Swiss Interior Minister Didier Burkhalter is on a six-day visit to Brazil, which will focus on science and health issues.This content was published on August 25, 2010 - 16:14
During his first official trip outside Europe, Burkhalter is due to meet senior ministers, top researchers and other officials to discuss cooperation between the two countries. He will also hand over a supercomputer.
"Our main goal is to strengthen bilateral research cooperation with Brazil, which belongs to the group of eight non-European countries, alongside India and Russia, that Switzerland considers a priority," interior ministry spokesman Jean-Marc Crevoisier told swissinfo.ch.
The Brazil visit follows a series of formal scientific accords between the two countries. On August 14, 2008 Swiss Foreign Minister Micheline Calmy-Rey signed a memorandum of understanding with her Brazilian counterpart, Celso Amorim, aimed at boosting scientific cooperation. And in September 2009 Brazilian Science Minister Sergio Machado Rezende and former Interior Minister Pascal Couchepin put their names to a scientific cooperation agreement.
"We must now take stock of these agreements and also open doors in Brazil for representatives of our scientific community," added Crevoisier.
This explains the presence among the Swiss delegation of leading experts, such as Fritz Schiesser, president of the board of Switzerland’s federal institutes of technology, Marcel Tanner, director of the Swiss Tropical Institute in Basel, and Miguel Nicolelis, a top Brazilian neurobiologist, best known for his pioneering work in "reading monkey thought".
The visit will start in the Brazilian capital, Brasilia, where Burkhalter is due to hold meetings with the Brazilian health minister, José Gomes Temporão, the science and technology minister, Sérgio Rezende, and the foreign minister, Celso Amorim.
Talks will centre on bilateral relations, but will also take a closer look at Brazil’s programme to combat epidemics. The Swiss delegation will also meet researchers and representatives from Brazilian universities and research institutes, like the National Council for Scientific and Technological Development (CNPq) and the Brazilian Innovation Agency (FINEP).
Burkhalter will then travel to Rio de Janeiro to attend a Swiss-Brazilian symposium on the “Challenges for metropolitan cities in the 21st century", jointly organized by Zurich’s Federal Institute of Technology (ETHZ) and the Brazilian Architects Institute (IAB).
A roundtable event, entitled "Science and higher education in Brazil and Switzerland, and possible collaboration", led by the Swiss delegation and members of the Brazilian Academy of Sciences, is also planned in Rio.
The third part of the trip centres on the Swiss community in Brazil. In addition to meetings with Swiss school representatives, Burkhalter will dine with business executives from Swiss multinationals and other firms based in Brazil, as well as officials from the Swiss-Brazilian Chamber of Commerce, to discuss the role of business for science and technology.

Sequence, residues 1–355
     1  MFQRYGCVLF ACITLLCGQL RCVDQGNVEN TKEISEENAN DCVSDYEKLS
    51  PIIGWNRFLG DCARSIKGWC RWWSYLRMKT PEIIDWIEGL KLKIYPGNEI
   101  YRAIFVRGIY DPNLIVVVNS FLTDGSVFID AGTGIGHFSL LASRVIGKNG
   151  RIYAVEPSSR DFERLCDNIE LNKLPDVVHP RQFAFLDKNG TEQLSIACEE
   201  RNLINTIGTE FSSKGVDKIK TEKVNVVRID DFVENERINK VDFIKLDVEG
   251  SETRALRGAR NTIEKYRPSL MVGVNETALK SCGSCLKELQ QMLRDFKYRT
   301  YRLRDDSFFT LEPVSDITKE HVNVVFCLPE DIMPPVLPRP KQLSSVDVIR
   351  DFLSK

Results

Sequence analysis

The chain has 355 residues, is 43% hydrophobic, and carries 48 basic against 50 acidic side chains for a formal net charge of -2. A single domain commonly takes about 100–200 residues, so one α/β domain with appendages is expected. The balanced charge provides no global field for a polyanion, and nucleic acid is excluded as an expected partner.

At the São Paulo University, Brazil's largest, Burkhalter will officially hand over the IBM Blue Gene supercomputer, donated by Lausanne’s Federal Institute of Technology (EPFL), to Brazil’s education minister.
The machine, which is the equivalent of a network of several thousand ordinary computers, is capable of performing 46 trillion operations per second.
The supercomputer will be installed at the Edmond and Lily Safra International Institute of Neuroscience, one of Brazil’s most innovative research institutes. According to Nicolelis, the Blue Gene will be the first supercomputer in the southern hemisphere.
Burkhalter and Haddad are also due to sign a scientific agreement to develop new studies on Parkinson's disease and other neurodegenerative diseases.
During his hectic schedule, the interior minister hopes to find time to pursue one of his personal interests: watching a football match in Brazil.
Burkhalter makes no secret of his passion for the sport, which he played enthusiastically as a young boy. In 2007, he published a book dedicated to the new football stadium in his hometown of Neuchâtel.
Alexander Thoele, swissinfo.ch (translated from Portuguese by Simon Bradley)
Current Swiss-Brazilian bilateral research programme
Brazil is one of eight non-EU priority countries, with which Switzerland wishes to broaden and deepen bilateral scientific ties.
State Secretary Charles Kleiber led an exploratory mission to Brazil in May 2007. Brazilian Science and Technology Minister Sergio Rezende led a high-level scientific delegation to Switzerland on September 28-29, 2009, during which he signed a bilateral research cooperation agreement and action plan.
Brazil has one of the highest annual growth rates in terms of the number of scientific papers published – up 10.4 per cent from 2000-2006 - behind China, Turkey, South Korea and Taiwan.
Priority research fields 2008-2011: neuroscience, health, energy and environment.
A first call for joint research was issued on November 13, 2009 by the EPFL and the CNPq. Of the twenty proposals received, ten were awarded grants worth SFr3.5 million, mainly for neuroscience and health.
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